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Driven to distraction

Children in the car are the No 1 distraction for drivers, according to a new survey.

A total of 29% of drivers admitted that their kids are their biggest distraction while driving, according to road safety charity IAM.

Busy lifestyles and the constant need to multi-task also score heavily with mobile phone use, texting and social media updates also featuring.

Other top distractions include:

• Changing the radio channel (27%)
• Back seat drivers (26%)
• Sat nav (15%)
• Attractive pedestrians, drivers or passengers (14%)

Interestingly, nearly a quarter of men (23%) admit to being distracted by attractive people compared to just 3% of women.

Distractions are a major cause of accidents with 9% of drivers admitting that they have crashed because they were distracted.

According to police statistics, mobile phone use and other distractions were a factor in up to one 105 deaths on our roads last year.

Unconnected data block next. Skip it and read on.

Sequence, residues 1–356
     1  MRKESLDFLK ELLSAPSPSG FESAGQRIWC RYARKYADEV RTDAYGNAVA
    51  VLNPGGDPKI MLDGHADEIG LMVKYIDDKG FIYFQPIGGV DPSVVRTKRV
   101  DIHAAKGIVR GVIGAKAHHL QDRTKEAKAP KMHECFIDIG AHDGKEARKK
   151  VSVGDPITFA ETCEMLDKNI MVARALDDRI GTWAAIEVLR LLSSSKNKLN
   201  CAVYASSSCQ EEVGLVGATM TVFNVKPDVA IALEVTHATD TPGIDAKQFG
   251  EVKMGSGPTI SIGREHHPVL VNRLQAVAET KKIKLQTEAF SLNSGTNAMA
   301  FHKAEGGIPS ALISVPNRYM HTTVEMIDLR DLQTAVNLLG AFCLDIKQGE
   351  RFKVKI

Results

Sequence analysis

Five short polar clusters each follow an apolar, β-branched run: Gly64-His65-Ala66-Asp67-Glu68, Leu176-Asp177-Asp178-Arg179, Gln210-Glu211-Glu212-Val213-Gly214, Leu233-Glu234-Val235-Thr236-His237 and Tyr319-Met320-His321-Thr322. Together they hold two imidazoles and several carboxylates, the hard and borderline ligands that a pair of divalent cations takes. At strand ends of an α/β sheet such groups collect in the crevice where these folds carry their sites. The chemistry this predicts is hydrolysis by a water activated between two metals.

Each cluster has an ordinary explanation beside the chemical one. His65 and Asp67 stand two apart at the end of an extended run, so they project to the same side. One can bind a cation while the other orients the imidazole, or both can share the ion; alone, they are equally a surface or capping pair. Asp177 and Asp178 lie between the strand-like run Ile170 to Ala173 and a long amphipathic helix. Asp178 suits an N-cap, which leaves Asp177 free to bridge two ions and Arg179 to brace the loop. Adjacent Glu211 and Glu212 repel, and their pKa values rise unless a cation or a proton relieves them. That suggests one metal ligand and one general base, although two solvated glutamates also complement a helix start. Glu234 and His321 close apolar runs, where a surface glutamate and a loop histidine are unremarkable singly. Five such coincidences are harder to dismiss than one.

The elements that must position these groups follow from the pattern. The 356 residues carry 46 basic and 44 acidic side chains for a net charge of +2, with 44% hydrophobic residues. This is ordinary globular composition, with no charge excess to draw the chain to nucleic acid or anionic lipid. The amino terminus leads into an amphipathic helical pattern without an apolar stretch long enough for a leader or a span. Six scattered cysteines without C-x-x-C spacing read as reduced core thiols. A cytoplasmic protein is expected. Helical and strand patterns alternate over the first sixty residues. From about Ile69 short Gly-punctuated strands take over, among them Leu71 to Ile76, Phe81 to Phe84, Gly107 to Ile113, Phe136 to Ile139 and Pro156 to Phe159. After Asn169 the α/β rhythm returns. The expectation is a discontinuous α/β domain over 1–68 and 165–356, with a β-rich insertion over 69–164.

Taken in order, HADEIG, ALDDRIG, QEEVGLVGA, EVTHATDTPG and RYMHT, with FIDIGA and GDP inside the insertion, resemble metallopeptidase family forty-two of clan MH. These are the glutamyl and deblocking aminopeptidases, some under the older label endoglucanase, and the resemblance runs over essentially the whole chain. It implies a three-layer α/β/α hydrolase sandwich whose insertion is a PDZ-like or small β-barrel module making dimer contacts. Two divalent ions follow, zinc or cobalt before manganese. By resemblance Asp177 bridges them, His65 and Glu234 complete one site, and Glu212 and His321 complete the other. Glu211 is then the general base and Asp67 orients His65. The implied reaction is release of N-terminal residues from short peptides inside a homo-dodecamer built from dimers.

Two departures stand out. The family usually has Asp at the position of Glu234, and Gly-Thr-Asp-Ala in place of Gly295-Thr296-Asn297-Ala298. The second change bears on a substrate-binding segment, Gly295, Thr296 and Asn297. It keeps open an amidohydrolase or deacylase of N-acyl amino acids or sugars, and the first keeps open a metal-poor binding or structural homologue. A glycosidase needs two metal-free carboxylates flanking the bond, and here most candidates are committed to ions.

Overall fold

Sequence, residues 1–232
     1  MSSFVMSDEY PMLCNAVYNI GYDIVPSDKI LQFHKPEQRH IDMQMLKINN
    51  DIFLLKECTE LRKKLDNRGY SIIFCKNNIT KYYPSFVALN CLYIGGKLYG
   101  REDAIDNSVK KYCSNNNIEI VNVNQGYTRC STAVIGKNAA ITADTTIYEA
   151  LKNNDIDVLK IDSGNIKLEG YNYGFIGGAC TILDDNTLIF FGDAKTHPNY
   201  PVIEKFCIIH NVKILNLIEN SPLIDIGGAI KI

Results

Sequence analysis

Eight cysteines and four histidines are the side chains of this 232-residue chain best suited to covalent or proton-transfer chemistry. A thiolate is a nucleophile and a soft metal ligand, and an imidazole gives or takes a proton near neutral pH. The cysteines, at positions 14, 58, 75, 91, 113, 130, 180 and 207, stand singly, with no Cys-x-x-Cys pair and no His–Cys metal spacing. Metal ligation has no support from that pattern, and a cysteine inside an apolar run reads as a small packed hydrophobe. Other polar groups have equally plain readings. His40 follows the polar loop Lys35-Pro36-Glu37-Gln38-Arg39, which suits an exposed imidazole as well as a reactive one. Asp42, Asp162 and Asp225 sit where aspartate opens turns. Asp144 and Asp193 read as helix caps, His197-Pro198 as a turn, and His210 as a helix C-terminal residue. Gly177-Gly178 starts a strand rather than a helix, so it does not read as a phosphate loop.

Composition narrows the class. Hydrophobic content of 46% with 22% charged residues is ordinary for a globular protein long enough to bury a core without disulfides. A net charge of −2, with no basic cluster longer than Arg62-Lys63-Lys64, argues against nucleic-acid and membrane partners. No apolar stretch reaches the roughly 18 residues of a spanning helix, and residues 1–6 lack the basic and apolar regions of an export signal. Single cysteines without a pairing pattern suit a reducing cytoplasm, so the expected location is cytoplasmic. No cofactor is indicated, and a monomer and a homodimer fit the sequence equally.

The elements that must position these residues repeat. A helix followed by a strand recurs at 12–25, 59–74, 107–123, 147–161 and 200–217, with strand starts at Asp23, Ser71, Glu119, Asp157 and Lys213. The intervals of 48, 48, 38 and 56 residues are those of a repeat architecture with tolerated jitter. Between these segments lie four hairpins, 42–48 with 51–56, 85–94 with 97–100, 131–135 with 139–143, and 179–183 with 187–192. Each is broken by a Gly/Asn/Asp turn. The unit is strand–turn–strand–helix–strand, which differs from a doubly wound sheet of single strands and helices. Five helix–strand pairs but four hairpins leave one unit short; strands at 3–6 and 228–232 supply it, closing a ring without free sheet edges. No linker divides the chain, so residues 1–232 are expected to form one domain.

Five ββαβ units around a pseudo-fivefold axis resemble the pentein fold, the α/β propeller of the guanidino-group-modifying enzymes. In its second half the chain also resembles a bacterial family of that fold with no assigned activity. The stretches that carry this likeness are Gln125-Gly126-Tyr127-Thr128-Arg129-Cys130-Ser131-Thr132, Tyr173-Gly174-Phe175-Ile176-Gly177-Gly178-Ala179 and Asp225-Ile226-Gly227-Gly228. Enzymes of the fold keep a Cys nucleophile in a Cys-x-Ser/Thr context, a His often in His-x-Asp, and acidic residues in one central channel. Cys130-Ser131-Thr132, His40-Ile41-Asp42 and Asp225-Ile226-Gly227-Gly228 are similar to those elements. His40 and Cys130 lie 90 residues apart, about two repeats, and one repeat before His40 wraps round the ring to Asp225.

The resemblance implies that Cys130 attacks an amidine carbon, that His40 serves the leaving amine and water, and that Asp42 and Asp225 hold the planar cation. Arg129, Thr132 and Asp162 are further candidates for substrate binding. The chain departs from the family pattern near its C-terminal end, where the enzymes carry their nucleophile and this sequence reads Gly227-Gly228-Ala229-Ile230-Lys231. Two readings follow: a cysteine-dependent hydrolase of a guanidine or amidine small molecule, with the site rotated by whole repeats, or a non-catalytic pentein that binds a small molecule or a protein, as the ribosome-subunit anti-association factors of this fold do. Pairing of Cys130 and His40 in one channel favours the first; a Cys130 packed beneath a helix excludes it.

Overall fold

IAM’s top tips for driving with kids:

• Keep them occupied by introducing games that promote and reward quiet behaviour without needing the driver’s direct involvement
• Portable games consoles or in-car DVD players will keep kids occupied for hours. But don’t forget the headphones – the soundtracks can be just as distracting as the children
• If you are planning a long journey, make sure you’re organised – take plenty of food and drink to avoid constant demands from the back seats
• Allow extra stops. Find somewhere for them to stretch their legs and let off steam, such as a playground or a park. Save yourself the panic and research some local parks and playgrounds where you plan to stop off
• Have a plastic bag (without any holes!) with you in case of travel sickness
• A second adult in the car to look after the children makes a massive difference, leaving the driver to concentrate on driving
• Don’t turn round to deal with fighting kids while you’re still in motion – find somewhere safe to stop first

IAM chief executive Simon Best said: “People who think they can multi-task while driving are kidding themselves. If you take your eyes of the road for just two seconds at 30mph, you’ll travel close to 90 feet, effectively blind.”

About Gareth Herincx

Gareth is a versatile journalist, copywriter and digital editor who's worked across the media in newspapers, magazines, TV, teletext, radio and online. After long stints at the BBC, GMTV and ITV, he now specialises in motoring.

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